Q&A with Debby Davidson, BA, BS, MA, ANCC FNP, Family Nurse Practitioner at the Women's Community Clinic
Debby Davidson is an FNP specializing in family and women's health in San Francisco, California. She has a BA in psychology, a BS in nursing, an MA in nursing and ANCC FNP Board Certification. Debby works at the Women's Community Clinic (http://www.womenscommunityclinic.org/), a facility that employs a volunteer-based business model to provide free healthcare services to women and girls in the Bay Area region. Debby has worked in women's health for more than 30 years, and loves that she gets to "be involved in people's healthcare and their efforts in building healthier and happier lifestyles."
Q: What was your path to becoming a nurse practitioner?
A: I first became an RN in the 1970s because I was excited by the variety of roles RNs could play in the area of community health. I was a psychiatric aide at the time and worked with RNs who were organizing and leading community mental health programs. While working as an RN both in hospital and community settings, I was always impressed with the quality of healthcare NPs provided to clients—their involvement in the client's family and community values in order to promote good healthcare. I went back to school in the 90s to become an NP.
Q: Can you describe the facility where you work?
A: The Women's Community Clinic is a small, but mighty, clinic with over 100 volunteers and about 30 staff members working to provide care to more than 3,500 women each year. We provide excellent healthcare to women who don't have health insurance and who lack access to care. Our facility highly values good communication and education, and understands the importance of spending time with clients.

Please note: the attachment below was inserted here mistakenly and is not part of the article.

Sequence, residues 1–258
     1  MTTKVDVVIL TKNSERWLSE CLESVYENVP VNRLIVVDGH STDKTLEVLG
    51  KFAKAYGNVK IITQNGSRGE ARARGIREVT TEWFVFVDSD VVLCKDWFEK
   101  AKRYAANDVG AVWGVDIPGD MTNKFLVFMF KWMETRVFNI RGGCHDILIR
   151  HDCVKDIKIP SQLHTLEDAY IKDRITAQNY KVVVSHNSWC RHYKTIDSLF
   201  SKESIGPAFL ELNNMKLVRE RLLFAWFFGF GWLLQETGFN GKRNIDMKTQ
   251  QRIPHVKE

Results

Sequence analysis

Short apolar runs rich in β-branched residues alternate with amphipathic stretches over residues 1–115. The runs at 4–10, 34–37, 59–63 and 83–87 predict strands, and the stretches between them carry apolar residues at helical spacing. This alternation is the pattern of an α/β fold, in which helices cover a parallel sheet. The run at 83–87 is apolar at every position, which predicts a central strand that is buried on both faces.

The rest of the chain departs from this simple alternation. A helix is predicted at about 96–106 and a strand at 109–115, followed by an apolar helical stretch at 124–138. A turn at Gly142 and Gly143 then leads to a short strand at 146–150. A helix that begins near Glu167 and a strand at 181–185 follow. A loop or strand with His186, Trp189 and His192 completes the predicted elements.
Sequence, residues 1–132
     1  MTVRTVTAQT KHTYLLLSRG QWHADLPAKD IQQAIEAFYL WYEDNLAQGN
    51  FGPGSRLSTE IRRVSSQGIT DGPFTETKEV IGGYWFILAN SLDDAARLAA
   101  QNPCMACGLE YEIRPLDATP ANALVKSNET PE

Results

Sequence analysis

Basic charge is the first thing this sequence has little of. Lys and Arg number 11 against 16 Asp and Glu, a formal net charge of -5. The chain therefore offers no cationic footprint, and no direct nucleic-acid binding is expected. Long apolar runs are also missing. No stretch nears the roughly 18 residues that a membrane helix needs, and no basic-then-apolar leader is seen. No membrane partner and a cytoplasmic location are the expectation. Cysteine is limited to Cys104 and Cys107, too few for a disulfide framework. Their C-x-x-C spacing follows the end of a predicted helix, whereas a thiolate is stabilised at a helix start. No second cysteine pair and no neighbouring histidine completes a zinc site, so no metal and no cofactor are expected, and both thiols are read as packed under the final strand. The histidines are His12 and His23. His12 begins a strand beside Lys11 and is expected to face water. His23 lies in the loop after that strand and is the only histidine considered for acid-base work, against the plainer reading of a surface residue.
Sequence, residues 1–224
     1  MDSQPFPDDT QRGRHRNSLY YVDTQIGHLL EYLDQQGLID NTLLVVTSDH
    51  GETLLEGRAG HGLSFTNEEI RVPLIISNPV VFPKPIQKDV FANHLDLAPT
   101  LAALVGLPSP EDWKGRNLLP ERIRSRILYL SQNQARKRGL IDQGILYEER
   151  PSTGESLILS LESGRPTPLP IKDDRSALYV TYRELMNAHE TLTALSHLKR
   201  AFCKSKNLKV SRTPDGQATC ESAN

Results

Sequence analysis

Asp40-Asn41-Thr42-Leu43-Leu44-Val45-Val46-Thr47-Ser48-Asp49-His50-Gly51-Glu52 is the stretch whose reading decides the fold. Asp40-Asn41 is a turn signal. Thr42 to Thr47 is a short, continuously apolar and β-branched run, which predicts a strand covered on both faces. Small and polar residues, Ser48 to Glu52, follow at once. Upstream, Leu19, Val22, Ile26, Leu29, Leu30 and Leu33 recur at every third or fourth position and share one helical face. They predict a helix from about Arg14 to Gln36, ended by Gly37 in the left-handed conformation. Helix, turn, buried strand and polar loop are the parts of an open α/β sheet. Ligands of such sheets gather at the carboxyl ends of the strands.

Q: What kinds of services does the Women's Community Clinic offer?
A: We offer many different services for women and provide basic women's healthcare to females throughout the age span. We also provide acupuncture and behavioral health counseling. We are a volunteer-based organization, so we have many volunteers—both lay and clinical—which makes the clinic a great place for a person considering a career in the health field to gain experience. In addition to our clinical services, we provide outreach services to homeless and marginally housed women. We also offer young African American women mentorship and health career development opportunities through our Western Addition Health Training (WAHT) Program.
Q: What's it like working at the Women's Community Clinic?
A: It's really fun. The patients are always so appreciative. I find that our staff has a wonderfully good heart, a generous spirit and smart leadership.
Q: When and how did you start at the clinic?
A: I started working at the Clinic three and a half years ago. I had always heard great things about this clinic and when an NP job became available, I applied.
Q: Typically, what are your day-to-day responsibilities as an NP at Women's Community Clinic?
A: Most of my day is devoted to my clients—in client visits, answering phone calls, dealing with abnormal labs and doing referrals. I support the many volunteer clinicians that work with patients, work with the staff and volunteer front desk and health educators, and sometimes mentor student nurse practitioners or midwives.
Q: What types of patients/diagnoses do you encounter most frequently?
A: I see women from their late teens to ages up to 65 that don't have insurance. The most common diagnoses I encounter are: GYN vaginitis, UTIs, STIs, management of birth control, menopausal problems, depression symptoms and interpersonal relationship problems, and primary care problems which require referrals.